Abstract impressionist John Anthony Tuckson (Tony) was born in 1921 at Port Said in Egypt on 24th November 1973. He was the second child of William Tuckson, a Suez Canal pilot and amateur artist, and his wife Eléonore, née Pegler. From the age of eight, Tuckson boarded and was educated in England at Gresham’s School, Holt, Norfolk and Christ’s College, Finchley, London, returning to the Canal during holidays. After studying painting for two years at the Hornsey School of Art, London, Tuckson worked in a furniture store at Kingston-upon-Thames in 1939 and attended night-classes at the Kingston School of Art.
Tuckson served as a Spitfire pilot with the Royal Air Force in the Second World War. In August 1942 he was sent to Darwin, Australia where he saw action against the Japanese. In 1943, on leave in Sydney, Tuckson married Dorothea Margaret Bisset (now Margaret Tuckson), a former design student, in Turramurra, Sydney in 1943. They had one son. Tuckson went on to become a flying instructor in Wirraway aircraft and was demobilized from the RAF with the rank of flight lieutenant on 10 August 1946 in Sydney. After the war, Tuckson settled in Australia and studied at the East Sydney Technical College, graduating in 1949.
The artist admired the work of Picasso, Matisse, Klee and Cezanne. In 1949 an exhibition in Sydney of Ronald Berndt’s collection of Aboriginal art from Arnhem Land sparked Tuckson’s lifelong passion for Aboriginal art. Ian Fairweather was the Australian artist Tuckson admired most. In 1953 The Tucksons spent their entire savings to buy a ghostly Fairweather gouache, Pattern 1952, from the artist’s first one-man show at the Macquarie Galleries.
Until 1958 Tuckson painted in the School of Paris genre: figures, heads, still lifes and interiors. He developed a lifelong admiration for Aboriginal art, which influenced his transition to abstract impressionism. Tuckson was acknowledged as one of Australia's few superlative abstract expressionists. His work has been compared favourably with that of Jackson Pollock. Tuckson painted his economically abstract works with intuition, evoking emotional responses with his painterly gestures. Drawing was a vital continuum in Tuckson’s artistic life. It allowed him the freedom to work quickly and prepare mentally before embarking on his powerful paintings. Standing back from his surface, as far away as possible, Tuckson would suddenly leap forward to paint with loaded brush, passion and vigor. Many of his 44 sketchbooks contain examples of the way in which Tuckson highlighted the conceptual and spatial shift that happens when transferring from working flat on drawings to painting on the vertical surface. Depth within paintings was created by drawing onto the painted surface.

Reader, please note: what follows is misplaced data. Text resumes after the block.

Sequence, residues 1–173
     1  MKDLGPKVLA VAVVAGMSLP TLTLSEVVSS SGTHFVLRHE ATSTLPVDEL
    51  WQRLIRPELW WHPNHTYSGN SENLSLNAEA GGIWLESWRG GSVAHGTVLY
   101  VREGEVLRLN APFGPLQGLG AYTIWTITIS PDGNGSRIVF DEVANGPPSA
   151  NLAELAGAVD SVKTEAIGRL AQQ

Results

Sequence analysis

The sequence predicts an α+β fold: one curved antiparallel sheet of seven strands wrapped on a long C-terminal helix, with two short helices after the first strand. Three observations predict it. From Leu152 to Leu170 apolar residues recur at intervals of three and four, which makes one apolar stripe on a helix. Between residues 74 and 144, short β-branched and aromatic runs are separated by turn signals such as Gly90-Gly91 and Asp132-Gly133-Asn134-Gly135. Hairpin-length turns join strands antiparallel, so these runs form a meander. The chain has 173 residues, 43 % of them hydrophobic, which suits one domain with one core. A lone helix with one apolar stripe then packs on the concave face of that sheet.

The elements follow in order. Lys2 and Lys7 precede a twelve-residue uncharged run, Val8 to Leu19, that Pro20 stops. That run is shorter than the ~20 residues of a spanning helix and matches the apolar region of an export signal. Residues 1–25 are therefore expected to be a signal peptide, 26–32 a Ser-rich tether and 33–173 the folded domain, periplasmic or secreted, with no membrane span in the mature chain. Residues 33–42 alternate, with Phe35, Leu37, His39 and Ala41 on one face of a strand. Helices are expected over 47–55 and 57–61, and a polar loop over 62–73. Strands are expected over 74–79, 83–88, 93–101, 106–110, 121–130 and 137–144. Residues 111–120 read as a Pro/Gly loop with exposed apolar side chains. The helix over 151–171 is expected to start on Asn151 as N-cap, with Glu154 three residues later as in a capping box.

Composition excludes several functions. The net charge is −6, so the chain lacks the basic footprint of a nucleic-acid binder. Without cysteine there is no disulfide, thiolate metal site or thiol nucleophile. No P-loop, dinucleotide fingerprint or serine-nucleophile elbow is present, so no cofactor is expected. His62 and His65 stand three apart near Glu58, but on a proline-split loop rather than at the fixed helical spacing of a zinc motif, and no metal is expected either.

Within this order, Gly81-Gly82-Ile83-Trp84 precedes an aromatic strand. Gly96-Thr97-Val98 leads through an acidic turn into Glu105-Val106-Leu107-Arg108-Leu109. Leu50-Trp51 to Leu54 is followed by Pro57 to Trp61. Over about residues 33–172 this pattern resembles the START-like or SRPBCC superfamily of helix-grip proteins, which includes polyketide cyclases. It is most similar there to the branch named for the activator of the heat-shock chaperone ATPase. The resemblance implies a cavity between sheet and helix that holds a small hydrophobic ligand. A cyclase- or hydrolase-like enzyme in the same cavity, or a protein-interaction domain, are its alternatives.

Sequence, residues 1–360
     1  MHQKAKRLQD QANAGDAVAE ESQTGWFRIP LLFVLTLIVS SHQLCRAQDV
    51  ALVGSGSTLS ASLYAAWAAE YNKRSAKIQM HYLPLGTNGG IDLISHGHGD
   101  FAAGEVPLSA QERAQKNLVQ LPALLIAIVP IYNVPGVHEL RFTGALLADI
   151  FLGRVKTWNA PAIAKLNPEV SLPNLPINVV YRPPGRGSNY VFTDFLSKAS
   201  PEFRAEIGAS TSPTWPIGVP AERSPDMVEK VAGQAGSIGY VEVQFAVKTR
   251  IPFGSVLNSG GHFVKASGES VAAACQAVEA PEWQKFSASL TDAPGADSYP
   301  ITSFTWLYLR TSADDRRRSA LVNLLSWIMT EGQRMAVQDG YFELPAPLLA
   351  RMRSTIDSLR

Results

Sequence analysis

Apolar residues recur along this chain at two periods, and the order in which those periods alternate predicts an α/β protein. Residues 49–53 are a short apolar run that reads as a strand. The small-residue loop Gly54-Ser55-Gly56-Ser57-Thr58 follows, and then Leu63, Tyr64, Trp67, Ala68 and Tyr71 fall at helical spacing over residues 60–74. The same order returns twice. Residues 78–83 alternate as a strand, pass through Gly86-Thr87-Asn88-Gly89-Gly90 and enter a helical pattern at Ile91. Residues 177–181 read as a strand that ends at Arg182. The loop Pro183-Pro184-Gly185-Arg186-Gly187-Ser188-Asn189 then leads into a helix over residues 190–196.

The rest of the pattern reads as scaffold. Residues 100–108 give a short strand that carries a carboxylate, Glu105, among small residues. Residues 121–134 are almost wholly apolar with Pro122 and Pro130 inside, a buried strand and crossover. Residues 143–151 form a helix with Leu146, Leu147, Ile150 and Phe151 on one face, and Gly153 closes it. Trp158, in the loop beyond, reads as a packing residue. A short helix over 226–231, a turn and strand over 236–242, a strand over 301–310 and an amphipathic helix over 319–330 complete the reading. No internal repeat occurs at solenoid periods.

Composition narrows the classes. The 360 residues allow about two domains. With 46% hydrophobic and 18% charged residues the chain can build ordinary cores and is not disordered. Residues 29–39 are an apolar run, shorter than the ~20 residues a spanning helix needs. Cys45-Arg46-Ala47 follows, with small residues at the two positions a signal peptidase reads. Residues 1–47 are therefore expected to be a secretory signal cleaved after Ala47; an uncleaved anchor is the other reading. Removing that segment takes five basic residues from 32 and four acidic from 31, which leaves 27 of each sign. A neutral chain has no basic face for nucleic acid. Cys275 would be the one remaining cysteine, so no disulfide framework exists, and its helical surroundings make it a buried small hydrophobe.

In 1950 Tuckson was appointed assistant director of the Art Gallery of New South Wales and deputy director in 1957, a role which saw him acclaimed for his inspiration and innovation.
Tuckson painted mainly in his spare time. He began exhibiting his own paintings with the Society of Artists and the Contemporary Art Society of Australia however he exhibited only nine paintings between 1954 and 1962.
Tuckson travelled to Melville Island and Arnhem Land with surgeon and art patron, Stuart Scougall, in 1958 and 1959 on collecting expeditions for the gallery. He mounted a touring exhibition of Aboriginal bark paintings, carvings, and other work, resulting in Berndt's book Australian Aboriginal Art (1964), and the major Melanesian Art exhibition in 1966.
Tuckson did not exhibit his own paintings again until his first solo show at Watters Gallery in 1970 where he presented 64 paintings, mainly from 1958 to 1965.
In 1967-68, the architect Andrew Anderson was commissioned to upgrade and extend the run-down, nineteenth-century gallery. The Art Gallery of New South Wales, which reopened in March 1972, is considered Tuckson's great museological achievement.
Tuckson’s second solo show in 1973, which featured 22 new works, was held just six months prior to his death from cancer in November of that year.
Since his death, Tuckson’s reputation as one of the greatest artists to work in Australia has continued to grow. His studio remains much as he left it in 1973. Hanging just outside the studio is Ian Fairweather’s gouache and pinned above the storage shelves is a printed homily: HAVE YOU STEPPED BACK FROM YOUR PAINTING LATELY?
In 1976 The Association of Galleries of New South Wales held a memorial exhibition of Tuckson’s work. In 1989 Terence Maloon in Melbourne mounted an exhibition with the title Tuckson: Themes and Variation.
Several of Tony Tuckson’s paintings are on permanent display at the National Gallery of Australia.